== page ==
A Word and Letter About The Grotesque

Dear WomanNeverSleeps,
Are you asleep? You haven’t posted anything for so long, it almost seems like you’re hibernating. What’s the deal?
Signed,
AwakeWomanWondering

Dear Awake,
Thanks for asking. To tell you the truth, I haven’t had much time to blog lately. But then, I’ve never really had time to blog. I’ve always made the time to blog and usually relished every moment that I was blogging when I should have been cleaning out the fridge or something. So, I guess that hasn’t really been the problem. No, the problem is that lately I just haven’t had the words – or at least what I thought were the right ones.

But I have the right word now, and its one which I was always told was wrong. I’m reconsidering this word – and not just because I have some Scotch-Irish in my blood. If you ever – and we here in America rarely do – get the opportunity to hear it used *appropriately* you know you’ve fallen into a pit of heartbreaking discovery – a deep, lonely, place of understanding you’re own sin and stupidity. You know instinctively that there’s only one word that describes that kind of honest introspection.

This word that has inspired me really comes from a whole set of words in a song. I first heard this song on a video right after I listened to the same group sing one of my favorite hymns, “Come Thou Fount of Every Blessing.” It was probably one of the most attention-getting moments of my life – going from words of prayer and praise to words of confession. It reminded me of what Flannery O’Connor said, “I use the grotesque the way I do because people are deaf and dumb and need help to see and hear.”

So, Awake, listen to this song and tell me what you think. Does using this “grotesque” word help you to see and hear? (You can read the lyrics below the song while you listen.)

Truly Yours,
WomanNeverSleeps

Lyrics to Little Lion Man
Weep for yourself, my man,
You’ll never be what is in your heart
Weep Little Lion Man,
You’re not as brave as you were at the start
Rate yourself and rake yourself,
Take all the courage you have left
Wasted on fixing all the problems
That you made in your own head

But it was not your fault but mine
And it was your heart on the line
I really fucked it up this time
Didn’t I, my dear?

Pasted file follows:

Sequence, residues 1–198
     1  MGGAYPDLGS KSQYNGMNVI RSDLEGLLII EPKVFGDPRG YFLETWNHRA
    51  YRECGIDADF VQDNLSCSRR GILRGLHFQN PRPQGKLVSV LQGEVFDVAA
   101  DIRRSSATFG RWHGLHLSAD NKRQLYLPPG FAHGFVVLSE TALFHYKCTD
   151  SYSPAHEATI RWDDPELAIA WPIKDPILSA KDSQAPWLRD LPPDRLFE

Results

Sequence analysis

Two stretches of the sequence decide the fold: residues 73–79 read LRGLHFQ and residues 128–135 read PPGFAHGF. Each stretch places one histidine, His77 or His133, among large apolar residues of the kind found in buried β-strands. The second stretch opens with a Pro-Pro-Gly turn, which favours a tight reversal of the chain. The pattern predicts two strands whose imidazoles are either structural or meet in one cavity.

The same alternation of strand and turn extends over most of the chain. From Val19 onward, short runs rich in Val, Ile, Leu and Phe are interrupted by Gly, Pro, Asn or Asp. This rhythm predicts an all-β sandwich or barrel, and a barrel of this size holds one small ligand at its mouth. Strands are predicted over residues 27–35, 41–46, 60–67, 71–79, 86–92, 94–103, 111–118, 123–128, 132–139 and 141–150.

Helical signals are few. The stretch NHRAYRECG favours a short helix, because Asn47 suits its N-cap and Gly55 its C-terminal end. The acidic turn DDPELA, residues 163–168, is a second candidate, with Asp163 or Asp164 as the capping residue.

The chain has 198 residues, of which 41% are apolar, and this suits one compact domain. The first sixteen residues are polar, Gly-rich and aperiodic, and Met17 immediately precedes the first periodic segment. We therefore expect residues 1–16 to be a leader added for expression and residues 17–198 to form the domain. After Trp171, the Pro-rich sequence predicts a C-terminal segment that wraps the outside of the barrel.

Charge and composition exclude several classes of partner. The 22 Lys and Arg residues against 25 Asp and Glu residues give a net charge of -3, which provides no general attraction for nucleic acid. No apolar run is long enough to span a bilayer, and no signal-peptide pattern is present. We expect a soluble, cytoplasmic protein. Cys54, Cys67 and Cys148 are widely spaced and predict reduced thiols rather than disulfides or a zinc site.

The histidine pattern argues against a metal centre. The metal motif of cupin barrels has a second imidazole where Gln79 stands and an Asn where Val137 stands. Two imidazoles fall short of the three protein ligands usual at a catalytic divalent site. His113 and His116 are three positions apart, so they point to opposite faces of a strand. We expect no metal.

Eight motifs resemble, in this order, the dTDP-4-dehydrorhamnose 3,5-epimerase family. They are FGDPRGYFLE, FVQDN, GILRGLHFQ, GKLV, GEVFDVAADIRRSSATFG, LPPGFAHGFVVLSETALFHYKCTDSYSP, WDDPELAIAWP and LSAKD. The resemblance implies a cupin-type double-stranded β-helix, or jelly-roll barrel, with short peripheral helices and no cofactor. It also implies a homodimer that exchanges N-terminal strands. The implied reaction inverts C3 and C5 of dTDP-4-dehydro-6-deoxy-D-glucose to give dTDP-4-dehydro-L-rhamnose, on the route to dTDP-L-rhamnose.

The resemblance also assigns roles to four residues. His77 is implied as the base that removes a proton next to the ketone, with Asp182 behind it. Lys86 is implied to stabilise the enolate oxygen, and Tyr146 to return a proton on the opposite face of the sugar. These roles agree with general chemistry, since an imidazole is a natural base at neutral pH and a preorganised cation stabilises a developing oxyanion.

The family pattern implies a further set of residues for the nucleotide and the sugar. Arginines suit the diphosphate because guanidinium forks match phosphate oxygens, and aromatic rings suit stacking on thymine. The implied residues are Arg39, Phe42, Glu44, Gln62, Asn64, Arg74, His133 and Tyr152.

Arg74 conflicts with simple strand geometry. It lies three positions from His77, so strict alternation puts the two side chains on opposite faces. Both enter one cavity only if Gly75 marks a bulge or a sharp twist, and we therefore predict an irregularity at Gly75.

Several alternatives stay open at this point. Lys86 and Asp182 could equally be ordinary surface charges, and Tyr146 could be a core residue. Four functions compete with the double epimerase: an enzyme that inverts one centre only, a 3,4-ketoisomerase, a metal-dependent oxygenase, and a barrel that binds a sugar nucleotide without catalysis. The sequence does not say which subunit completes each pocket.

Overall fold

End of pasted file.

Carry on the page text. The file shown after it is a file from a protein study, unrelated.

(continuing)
Didn’t I, my…

Tremble for yourself, my man,
You know that you have seen this all before
Tremble Little Lion Man,
You’ll never settle any of your scores
Your grace is wasted in your face,
Your boldness stands alone among the wreck
Now learn from your mother or else spend your days Biting your own neck

But it was not your fault but mine
And it was your heart on the line
I really fucked it up this time
Didn’t I, my dear? (x2)

Didn’t I, my dear?

Ahhhhh……

But it was not your fault but mine
And it was your heart on the line
I really fucked it up this time
Didn’t I, my dear? (x2)

Didn’t I, my dear?

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10 thoughts on “A Word and Letter About The Grotesque

  1. This was very difficult to listen to with postpartum hormones running through my body. Yes, very appropriately said. Hmmm…. I think a fellowship meal is long overdo. And, I think you've turned me unto another band. :-)By the way, I LOVE Flannery O'Connor and I LOVE "Come Thou Fount of Every Blessing."I've been so busy myself that I haven't blogged very much since the baby was born. However, I noticed that I do much better when I'm writing. Keep it up!

  2. Is that an electric banjo?! Very cool!I had to mull this over a bit in my mind, but I think you make a great point. I wonder if the apostle Paul had the same philosophy that Flannery O'Connor had many centuries earlier when he wrote, "For His sake I have suffered the loss of all things and count them as rubbish, in order that I may gain Christ…" (Phil. 3:8). I have heard it said that in the Greek, the word "rubbish" was actually something much more grotesque. And perhaps Isaiah had that perspective too in Is. 64:6 when he compares righteous deeds as being like filthy rags.Keep on writin', my dear friend!! πŸ™‚

  3. Words are important in understanding each other. It seems this is an appropraite usage. It is shocking, but so is our sin!Was recently turned onto Mumford. Redemptive songs, many. They have some good hymns too. πŸ™‚

  4. Yes, Julie, in light of our Holy God, it's hard to find words that are truly "ugly" enough. I guess that's a good thing, but I'm thankful for these reminders – and that they can miraculously be used amid such beautiful music. We've been "turned on," too. Going to see them on the Railroad Revival Tour on the 23rd. Are they coming to Portland?

  5. It's been forever since we went to a concert, but one of Brian's faves, Robert Cray, is coming to Portland soon for a festival on the waterfront. That may happen. No Mumford in our area.I don't have any of their music, but some is on my list to download…. Love The Cave.And I'll find strength in painAnd I will change my waysI'll know my name as it's called again

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